School board ethics commission bill dies

By Jeffrey A. Roberts
CFOIC Executive Director

State senators on Monday rejected the proposed creation of a school board ethics commission to hear alleged violations of Colorado’s Open Meetings Law and the Colorado Open Records Act.

Sen. Owen Hill said he voted against SB 16-101 because it would have created a commission “appointed by politicians” to oversee school board members who are elected directly by the people.


Sen. Andy Kerr, D-Lakewood, explains SB 16-101.

“I haven’t talked to any of my constituents that trust folks appointed by politicians more than they trust their direct access and accountability to (elected) folks,” said Hill, a Colorado Springs Republican. He was one of three GOP members of the Senate State, Veterans and Military Affairs Committee who voted to kill the bill on a party-line vote.

Sen. Andy Kerr, D-Lakewood, introduced SB 16-101 in response to allegations made during last fall’s recall election in the Jefferson County school district. The successful recall ballot claimed that former Jeffco board president Ken Witt and two other ousted board members “repeatedly violated Colorado open meetings laws by secretly making major decisions behind closed doors.”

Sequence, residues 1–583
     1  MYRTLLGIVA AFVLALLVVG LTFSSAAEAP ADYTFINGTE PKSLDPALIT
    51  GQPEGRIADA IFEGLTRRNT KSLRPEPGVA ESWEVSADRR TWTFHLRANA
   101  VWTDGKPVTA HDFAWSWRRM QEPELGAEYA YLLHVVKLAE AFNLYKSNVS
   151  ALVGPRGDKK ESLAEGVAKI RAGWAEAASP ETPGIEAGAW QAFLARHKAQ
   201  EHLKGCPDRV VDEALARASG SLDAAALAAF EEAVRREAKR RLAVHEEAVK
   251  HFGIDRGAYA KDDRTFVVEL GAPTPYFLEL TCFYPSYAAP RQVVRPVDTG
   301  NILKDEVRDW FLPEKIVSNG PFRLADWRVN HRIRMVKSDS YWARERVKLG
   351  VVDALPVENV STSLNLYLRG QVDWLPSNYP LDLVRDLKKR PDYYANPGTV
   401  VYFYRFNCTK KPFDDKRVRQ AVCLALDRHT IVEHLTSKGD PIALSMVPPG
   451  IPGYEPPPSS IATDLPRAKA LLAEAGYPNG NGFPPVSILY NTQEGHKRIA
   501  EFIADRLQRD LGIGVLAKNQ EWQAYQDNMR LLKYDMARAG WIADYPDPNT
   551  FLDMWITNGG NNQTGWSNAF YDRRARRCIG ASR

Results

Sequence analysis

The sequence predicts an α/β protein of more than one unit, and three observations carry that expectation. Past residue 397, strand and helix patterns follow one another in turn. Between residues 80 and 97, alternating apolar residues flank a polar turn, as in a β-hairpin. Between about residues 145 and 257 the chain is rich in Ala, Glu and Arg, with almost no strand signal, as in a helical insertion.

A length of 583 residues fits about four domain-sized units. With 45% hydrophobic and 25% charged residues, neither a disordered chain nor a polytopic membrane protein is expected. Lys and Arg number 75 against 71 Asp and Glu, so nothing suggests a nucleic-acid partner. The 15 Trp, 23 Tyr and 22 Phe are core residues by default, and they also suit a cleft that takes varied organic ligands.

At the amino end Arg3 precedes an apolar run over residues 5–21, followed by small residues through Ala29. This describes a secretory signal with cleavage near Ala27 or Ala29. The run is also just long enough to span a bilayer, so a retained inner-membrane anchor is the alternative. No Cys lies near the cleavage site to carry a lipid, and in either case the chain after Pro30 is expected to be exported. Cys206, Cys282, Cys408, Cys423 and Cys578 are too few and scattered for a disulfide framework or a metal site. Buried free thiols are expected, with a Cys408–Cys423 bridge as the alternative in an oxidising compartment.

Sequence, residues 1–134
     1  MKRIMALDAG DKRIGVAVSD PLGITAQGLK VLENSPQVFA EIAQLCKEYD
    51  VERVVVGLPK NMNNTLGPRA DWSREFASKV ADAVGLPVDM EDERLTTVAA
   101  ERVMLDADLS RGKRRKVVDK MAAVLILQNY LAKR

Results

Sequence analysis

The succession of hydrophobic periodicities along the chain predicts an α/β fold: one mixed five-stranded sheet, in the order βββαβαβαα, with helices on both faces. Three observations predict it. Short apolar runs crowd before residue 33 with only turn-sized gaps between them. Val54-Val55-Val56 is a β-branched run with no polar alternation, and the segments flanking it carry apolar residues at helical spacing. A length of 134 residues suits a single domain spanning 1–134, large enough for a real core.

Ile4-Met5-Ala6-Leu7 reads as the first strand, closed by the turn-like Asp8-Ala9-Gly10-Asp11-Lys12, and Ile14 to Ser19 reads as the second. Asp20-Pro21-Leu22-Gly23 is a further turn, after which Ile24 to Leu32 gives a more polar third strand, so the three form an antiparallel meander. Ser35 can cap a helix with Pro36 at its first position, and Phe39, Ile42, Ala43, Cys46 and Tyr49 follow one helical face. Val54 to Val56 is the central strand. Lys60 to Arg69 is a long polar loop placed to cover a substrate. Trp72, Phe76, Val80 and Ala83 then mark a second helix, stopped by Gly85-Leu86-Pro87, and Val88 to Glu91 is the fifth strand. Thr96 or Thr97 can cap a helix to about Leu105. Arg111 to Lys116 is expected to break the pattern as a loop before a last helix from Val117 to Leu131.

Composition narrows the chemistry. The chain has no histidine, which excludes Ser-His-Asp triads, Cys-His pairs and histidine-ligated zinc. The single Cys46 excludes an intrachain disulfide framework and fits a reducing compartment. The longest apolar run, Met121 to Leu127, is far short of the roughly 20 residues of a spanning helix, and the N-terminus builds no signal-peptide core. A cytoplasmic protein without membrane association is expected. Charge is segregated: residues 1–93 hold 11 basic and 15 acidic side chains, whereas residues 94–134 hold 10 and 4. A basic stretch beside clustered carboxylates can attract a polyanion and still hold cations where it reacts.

However, no one had taken the board to court, which is the only way to challenge alleged violations of the open-records and open-meetings laws in Colorado. Hoping to prove his critics wrong before the election, Witt said he was filing an ethics complaint against himself with the Colorado Independent Ethics Commission. But that agency has no jurisdiction over school boards and doesn’t hear complaints about CORA or the Open Meetings Law.

Kerr’s proposed ethics commission within the Colorado Department of Education would have heard such complaints as well as complaints related to ethics, the conduct of school board meetings and other matters.

His bill called for the commission to refer a complaint to an administrative law judge upon a finding of probable cause. The commission then would vote to determine if a violation occurred and, if so, whether to impose a fine, censure a board member, void a school board action or impose some other sanction.

Two Douglas County parents testified that Kerr’s bill is necessary partly because the Dougco school board has a history of making decisions behind closed doors, in violation of the Open Meetings Law. One of them, Meg Masten, also said the district repeatedly stonewalls open-records requests.

“As a parent and taxpayer it’s frustrating that elected officials can act in such a manner with no accountability or oversight,” she said. “Simply the existence of a school board ethics commission would act as a deterrent and be extremely valuable in facilitating best practices of local school boards.”

Joanne and Alex McDaniel, testifying with their two young daughters, made numerous allegations about a charter school board in Jefferson County. Their story outraged Sen. Matt Jones, D-Louisville, who said the lack of oversight of charter school boards is “a huge hole in state law.”

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